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Can cavities form this quickly? Freaking out.



Junior member
May 7, 2019
Hi, so I went to the dentist a little over a week ago and the damage seemed to be minor. However ever since yesterday, both sides of my back teeth seem really sensitive. There also seems to be something sticking out from some of the teeth: it's weird, they don't feel like holes, but more like there's just something jutting out from the gum line, at the bottom of the teeth. I can't really see anything wrong in a mirror, but I'm no dentist, so I don't know. My biggest concern is that I have been using a prescription mouthwash for a week, which calls for me to rinse my teeth after brushing. I fear this mouthwash is the culprit, because: the toothpaste can't work if you just spit it out again, can it? The mouthwash is meant to kill bad bacteria, that are there because of my gum infection, but I'm afraid it has done more bad than good. This sucks, I don't want all of my teeth to have freaking cavities, I have always taken care of them. I can take one or two, like the dentist claimed I had just a week ago, but not five and more. I have not eaten sugar or even carbs in weeks. I'm at loss on what to try here.
Not sure how quickly cavities can form but I do know once you start obsessing with your teeth you notice things that you think are problems but in reality have just always been there! I started obsessing and found a sharp area on my tooth which according to my dentist has always been there! I also found a black mark on my tooth which was an 8 year old filling I’d never noticed! Hopefully yours is nothing to worry about :)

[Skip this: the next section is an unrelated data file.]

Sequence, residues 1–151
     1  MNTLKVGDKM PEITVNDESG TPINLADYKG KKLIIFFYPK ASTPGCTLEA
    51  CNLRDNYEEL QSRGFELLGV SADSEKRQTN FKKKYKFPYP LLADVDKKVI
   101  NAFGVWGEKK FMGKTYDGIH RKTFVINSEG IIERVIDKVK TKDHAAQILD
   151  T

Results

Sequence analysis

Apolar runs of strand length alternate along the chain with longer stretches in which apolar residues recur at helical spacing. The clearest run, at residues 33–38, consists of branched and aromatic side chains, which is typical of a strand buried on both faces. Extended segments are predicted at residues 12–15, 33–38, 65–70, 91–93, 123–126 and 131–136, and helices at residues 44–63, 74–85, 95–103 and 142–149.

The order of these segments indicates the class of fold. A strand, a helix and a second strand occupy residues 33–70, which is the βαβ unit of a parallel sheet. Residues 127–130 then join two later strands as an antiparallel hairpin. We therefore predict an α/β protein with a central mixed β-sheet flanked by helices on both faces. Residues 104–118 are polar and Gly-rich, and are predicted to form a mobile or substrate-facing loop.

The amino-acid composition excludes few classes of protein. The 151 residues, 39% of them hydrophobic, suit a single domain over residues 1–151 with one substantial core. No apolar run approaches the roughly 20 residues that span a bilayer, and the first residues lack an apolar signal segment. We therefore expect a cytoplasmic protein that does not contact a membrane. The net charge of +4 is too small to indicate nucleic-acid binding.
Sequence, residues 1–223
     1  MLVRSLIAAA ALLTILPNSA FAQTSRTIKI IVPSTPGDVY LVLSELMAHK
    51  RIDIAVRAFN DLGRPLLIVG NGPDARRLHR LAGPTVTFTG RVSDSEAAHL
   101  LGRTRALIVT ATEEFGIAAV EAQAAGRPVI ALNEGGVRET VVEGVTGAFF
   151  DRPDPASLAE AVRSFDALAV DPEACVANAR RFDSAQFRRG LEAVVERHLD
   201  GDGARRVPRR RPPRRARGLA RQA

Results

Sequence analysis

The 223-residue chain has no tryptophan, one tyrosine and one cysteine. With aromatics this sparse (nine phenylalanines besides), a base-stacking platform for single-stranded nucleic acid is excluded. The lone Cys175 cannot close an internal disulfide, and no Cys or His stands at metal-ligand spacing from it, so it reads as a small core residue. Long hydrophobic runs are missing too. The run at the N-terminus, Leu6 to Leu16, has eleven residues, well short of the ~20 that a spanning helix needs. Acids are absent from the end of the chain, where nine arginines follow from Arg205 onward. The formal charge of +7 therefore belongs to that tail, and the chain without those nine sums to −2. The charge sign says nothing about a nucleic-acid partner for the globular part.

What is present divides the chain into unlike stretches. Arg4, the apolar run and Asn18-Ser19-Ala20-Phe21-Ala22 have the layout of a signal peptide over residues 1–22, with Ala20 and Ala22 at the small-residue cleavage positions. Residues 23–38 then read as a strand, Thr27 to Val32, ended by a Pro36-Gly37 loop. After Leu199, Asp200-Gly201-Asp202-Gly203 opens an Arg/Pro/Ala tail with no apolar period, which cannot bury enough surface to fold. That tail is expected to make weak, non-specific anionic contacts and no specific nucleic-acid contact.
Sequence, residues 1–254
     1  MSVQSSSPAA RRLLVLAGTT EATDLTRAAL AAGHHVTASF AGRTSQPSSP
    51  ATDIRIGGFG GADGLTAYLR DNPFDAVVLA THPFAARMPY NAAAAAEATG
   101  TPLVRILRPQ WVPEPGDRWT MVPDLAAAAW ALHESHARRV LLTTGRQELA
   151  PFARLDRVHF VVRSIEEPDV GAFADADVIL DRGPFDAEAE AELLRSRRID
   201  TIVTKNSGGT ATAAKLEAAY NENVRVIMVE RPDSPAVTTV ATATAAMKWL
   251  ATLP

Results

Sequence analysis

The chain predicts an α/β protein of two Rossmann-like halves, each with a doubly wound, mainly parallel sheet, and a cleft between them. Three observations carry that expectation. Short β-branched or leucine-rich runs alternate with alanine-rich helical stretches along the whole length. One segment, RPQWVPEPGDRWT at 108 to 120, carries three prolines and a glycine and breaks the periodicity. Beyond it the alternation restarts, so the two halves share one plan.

Hi Lordofthedance,

cavities can't form in a week, even if you would stop brushing altogether. The bacteria need time to work and tooth enamel is not too easy to get eaten away. The mindful way you go about your oral hygiene and nutrition would make it for the bacteria even harder to do damage.
Sounds like you are using a chlorhexidine mouthwash. Chlorhexidine can't tolerate any toothpaste with sodium laurel sulphate, which most of them contain. If you would prefer to spit instead of rinsing, get a paste that doesn't contain it.
If it helps, in the country I live in, everyone rinses toothpaste and people would look at you really weirdly if you advised them to only spit. I haven't heard about the toothpaste only being spit until I found this page. A trusted dental hygienist (the same who explained the interaction between chlorhexidine and sodium laurel sulhpate) reassured me that even if you rinse, there is still some of the fluorid that will stay on your teeth.

All the best wishes